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I think you're mindset for approaching this is pretty spot-on with regards to the signs. You're right about including a lot of the more basic, small shapes. For me, I think I would want an equal amount of circles, squares, and diamonds, just based on what I would be modeling. I would, however still like the other stuff like the triangles and the larger boards. It might bring it out of the scope for a first run, but maybe you could eventually do two sets - one with lots of the basic sign shapes and then an extra one with some more uncommon ones so that you can fit enough of both. If, for the first run, you just included a bit of everything, I honestly wouldn't mind. I would still love to get the big sign, for example. Maybe, from there, people can give feedback on what they actually ended up using more of once they got their hands on it. 

For the "checker plate" sheets, I personally would find more use for the "mesh"-style with holes, though I do realize there's already things like that available.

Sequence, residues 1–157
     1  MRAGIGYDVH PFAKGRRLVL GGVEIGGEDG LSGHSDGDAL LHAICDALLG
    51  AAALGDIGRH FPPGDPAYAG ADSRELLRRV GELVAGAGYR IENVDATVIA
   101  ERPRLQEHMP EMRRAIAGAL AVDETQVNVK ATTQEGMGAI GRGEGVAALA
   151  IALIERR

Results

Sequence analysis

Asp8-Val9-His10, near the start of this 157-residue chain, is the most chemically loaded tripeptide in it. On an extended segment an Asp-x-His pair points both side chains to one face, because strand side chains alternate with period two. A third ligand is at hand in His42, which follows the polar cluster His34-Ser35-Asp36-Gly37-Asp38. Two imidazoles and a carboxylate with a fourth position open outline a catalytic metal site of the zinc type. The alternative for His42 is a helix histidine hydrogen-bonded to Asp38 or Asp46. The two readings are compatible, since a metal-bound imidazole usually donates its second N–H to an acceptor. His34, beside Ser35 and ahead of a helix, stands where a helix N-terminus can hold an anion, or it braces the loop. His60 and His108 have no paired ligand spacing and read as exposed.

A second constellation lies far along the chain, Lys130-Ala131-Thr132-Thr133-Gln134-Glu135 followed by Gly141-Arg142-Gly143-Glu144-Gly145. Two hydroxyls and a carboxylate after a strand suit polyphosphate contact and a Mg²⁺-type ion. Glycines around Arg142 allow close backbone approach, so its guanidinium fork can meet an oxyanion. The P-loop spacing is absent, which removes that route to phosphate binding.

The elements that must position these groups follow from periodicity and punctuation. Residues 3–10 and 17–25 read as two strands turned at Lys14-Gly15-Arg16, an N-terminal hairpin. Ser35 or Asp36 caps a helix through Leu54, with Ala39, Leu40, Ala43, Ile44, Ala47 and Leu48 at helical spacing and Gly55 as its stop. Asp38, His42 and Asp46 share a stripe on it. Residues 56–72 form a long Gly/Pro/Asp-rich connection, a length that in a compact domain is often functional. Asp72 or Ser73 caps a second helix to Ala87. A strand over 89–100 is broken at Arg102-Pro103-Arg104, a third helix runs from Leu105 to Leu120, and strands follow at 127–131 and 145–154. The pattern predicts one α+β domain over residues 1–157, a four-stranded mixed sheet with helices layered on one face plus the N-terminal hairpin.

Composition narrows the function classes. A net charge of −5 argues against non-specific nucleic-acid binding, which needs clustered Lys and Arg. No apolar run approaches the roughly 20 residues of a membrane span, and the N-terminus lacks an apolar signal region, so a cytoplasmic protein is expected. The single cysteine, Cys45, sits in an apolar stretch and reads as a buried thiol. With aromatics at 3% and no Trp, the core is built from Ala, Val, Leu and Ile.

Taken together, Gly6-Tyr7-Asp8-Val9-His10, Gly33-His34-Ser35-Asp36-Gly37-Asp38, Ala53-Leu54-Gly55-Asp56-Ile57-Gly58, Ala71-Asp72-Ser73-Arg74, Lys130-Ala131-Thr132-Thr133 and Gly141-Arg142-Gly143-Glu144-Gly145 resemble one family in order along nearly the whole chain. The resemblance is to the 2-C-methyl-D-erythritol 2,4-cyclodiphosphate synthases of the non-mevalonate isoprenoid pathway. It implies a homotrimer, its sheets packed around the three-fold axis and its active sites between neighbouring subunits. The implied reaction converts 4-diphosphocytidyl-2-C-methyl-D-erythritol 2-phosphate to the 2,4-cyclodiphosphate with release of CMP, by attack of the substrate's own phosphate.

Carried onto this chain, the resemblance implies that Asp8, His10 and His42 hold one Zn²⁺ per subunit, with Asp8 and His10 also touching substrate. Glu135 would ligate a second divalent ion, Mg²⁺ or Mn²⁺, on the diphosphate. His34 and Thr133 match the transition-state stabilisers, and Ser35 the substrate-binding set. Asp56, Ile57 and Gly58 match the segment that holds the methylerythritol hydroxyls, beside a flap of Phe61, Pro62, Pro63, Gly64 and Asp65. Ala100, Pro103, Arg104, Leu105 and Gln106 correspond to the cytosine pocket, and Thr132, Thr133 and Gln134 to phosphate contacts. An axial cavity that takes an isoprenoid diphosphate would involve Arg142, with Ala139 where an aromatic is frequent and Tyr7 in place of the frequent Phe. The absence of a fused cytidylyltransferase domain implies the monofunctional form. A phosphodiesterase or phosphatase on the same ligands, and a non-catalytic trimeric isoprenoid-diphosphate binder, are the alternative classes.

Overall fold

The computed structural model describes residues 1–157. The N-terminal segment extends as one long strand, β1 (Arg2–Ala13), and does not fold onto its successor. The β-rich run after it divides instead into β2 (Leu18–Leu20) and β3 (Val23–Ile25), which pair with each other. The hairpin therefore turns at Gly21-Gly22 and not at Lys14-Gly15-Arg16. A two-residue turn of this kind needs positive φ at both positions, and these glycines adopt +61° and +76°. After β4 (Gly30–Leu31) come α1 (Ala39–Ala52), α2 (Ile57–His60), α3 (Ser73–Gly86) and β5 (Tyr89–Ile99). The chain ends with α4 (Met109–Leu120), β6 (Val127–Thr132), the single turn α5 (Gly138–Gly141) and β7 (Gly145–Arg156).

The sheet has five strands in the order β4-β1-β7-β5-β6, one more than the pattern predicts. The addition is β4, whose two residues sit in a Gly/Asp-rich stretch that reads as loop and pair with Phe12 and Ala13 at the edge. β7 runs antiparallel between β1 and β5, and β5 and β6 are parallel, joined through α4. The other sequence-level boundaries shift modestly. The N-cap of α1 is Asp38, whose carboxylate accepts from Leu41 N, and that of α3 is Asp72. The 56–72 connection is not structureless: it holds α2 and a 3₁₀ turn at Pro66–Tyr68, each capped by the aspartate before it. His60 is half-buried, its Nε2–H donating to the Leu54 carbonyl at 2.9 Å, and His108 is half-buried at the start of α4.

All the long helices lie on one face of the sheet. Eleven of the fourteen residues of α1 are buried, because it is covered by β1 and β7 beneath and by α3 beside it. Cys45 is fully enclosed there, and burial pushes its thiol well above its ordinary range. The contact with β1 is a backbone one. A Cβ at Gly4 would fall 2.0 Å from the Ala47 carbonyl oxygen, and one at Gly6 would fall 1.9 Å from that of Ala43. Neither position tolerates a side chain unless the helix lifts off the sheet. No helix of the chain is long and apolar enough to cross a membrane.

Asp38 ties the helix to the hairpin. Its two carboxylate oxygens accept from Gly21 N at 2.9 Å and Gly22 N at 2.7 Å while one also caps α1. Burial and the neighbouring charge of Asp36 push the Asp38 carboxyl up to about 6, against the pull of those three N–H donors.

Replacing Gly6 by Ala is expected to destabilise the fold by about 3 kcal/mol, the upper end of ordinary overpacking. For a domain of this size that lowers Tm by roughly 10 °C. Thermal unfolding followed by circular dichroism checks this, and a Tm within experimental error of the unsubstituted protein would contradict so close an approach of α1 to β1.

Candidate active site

As for the manholes, I love the designs you've shown already, so I would definitely try yours out regardless of Tekkon Model having their own version. I think, as long as you're making your own set and it's not meant to be a rip-off of what's already out there, there's no harm in it, but maybe there's a different point-of-view I haven't thought of. For the issue of only modeling manholes from certain areas, I personally haven't yet tried to make something hyper accurate to a certain region yet so I would find your designs useful regardless. Though I won't say no if you did some Hokkaido-specific designs as that's my favorite region and what I tend to look at when thinking up diorama/layout designs. 

EDIT: I forgot to say that I think the mention of doing fencing is also great. Again, you can get something similar from other places, but I don't mind having alternate options. 

Edited by arkh
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Gieve Manhole covers nao


*Makes grabby hands*


Seriously, I tried 3D printing Manhole covers, but I think especially in N-Scale Etching/Laser is vastly Superior there in every aspect.